The writer in Hebrews continues to highlight God in Christ’s work for you and for me. It’s work that God does, as pure gift and grace. It’s saving work, that we as stewards can only respond to with joy and gratitude. And with a desire to as in the book of Genesis in our first lesson, join in God’s work in some way (whether it be by naming creatures, caring for the earth, and/or caring for our neighbors). Rightfully, for all of this saving work and all of this creative work, we give God thanks and praise as the reading ends with the words, “I will praise you.”
This week’s gospel story in Mark 10, is a tough text to be sure. It’s about relationships, divorce, and the challenges of that. Wisely many a preacher might avoid preaching on this text. But, it does provide a good opportunity to preach, in conjunction with the other lessons, on the importance of caring for relationships. Relationships between individual and God, between people, and even with children. All of whom are God’s beloved. All of whom are created in God’s own image. Another challenge that comes particularly with this pericope is in Genesis 2 and Mark 10 and the language of gender. These are texts that are often pointed to as the core of gender identity in God’s eyes, yet we know that there is greater diversity than this. If I were preaching, I would approach this with care and ere on the side of welcome and inclusion recognizing that all people are God’s children. That all relationships between two people are sacred and matter. And that marriage, between consenting adults is not limited to just that of a male and female. Also, we recognize as people that there is sin in the world, and sometimes relationships do break. That’s a hard truth that impacts everyone in some way. If this week is an opportunity to name our brokenness and give space to grieve but also hope, that might be a perfect opportunity. I lay these cards on the table because I believe that God creates all in God’s own image, and invites all into relationships and lives and commitment of love.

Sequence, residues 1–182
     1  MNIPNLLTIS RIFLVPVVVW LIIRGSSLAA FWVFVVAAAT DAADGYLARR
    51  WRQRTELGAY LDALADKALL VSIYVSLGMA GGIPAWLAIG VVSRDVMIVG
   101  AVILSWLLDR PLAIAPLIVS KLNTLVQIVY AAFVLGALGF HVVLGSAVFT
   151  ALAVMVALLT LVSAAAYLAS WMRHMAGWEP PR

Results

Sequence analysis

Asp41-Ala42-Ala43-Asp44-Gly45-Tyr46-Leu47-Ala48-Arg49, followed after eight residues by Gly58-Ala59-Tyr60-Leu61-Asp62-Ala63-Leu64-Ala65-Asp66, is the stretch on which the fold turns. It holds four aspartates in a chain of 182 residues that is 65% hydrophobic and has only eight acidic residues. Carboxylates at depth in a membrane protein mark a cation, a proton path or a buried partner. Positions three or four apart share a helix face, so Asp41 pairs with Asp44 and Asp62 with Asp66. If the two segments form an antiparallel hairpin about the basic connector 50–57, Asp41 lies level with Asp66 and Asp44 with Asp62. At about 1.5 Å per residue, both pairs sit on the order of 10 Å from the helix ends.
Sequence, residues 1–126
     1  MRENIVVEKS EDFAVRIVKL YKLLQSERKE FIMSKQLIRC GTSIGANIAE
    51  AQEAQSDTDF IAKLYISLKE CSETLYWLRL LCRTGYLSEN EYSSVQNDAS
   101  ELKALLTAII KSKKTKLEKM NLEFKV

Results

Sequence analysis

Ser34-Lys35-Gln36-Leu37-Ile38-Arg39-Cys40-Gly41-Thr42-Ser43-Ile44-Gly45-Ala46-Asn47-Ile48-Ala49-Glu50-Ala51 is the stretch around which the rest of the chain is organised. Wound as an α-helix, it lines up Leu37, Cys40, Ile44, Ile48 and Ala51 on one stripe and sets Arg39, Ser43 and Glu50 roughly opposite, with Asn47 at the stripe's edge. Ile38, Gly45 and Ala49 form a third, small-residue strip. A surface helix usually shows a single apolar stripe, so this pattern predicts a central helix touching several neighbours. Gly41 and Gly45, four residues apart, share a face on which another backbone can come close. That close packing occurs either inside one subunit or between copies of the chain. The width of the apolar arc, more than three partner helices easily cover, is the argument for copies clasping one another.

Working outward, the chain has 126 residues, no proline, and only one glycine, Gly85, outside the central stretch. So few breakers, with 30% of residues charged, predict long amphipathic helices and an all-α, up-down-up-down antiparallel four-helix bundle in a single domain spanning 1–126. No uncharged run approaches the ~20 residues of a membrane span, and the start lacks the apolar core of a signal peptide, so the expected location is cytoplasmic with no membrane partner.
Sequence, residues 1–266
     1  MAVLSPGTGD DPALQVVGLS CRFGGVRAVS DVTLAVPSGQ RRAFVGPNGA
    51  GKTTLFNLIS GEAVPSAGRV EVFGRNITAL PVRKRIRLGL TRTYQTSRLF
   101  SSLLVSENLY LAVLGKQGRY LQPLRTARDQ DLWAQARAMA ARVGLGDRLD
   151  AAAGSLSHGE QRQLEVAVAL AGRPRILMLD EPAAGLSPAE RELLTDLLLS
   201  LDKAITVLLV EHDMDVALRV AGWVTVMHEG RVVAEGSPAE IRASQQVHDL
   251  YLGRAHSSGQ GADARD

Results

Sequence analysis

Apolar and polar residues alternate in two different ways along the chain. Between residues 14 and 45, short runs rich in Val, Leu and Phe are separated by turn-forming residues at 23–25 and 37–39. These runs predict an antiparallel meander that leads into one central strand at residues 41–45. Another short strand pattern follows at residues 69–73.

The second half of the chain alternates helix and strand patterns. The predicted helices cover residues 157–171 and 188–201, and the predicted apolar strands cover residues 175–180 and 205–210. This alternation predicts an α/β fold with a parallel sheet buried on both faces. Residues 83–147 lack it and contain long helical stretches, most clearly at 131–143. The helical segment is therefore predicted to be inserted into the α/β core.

Our gospel story this week begins with Mark 10:2, where we read, “Some Pharisees came, and to test him they asked, “Is it lawful for a man to divorce his wife?” He answered them, “What did Moses command you?” They said, “Moses allowed a man to write a certificate of dismissal and to divorce her.” But Jesus said to them, “Because of your hardness of heart he wrote this commandment for you. But from the beginning of creation, ‘God made them male and female.’ ‘For this reason a man shall leave his father and mother and be joined to his wife, and the two shall become one flesh.’ So they are no longer two, but one flesh. Therefore what God has joined together, let no one separate” (Mark 10:2-9, NRSV).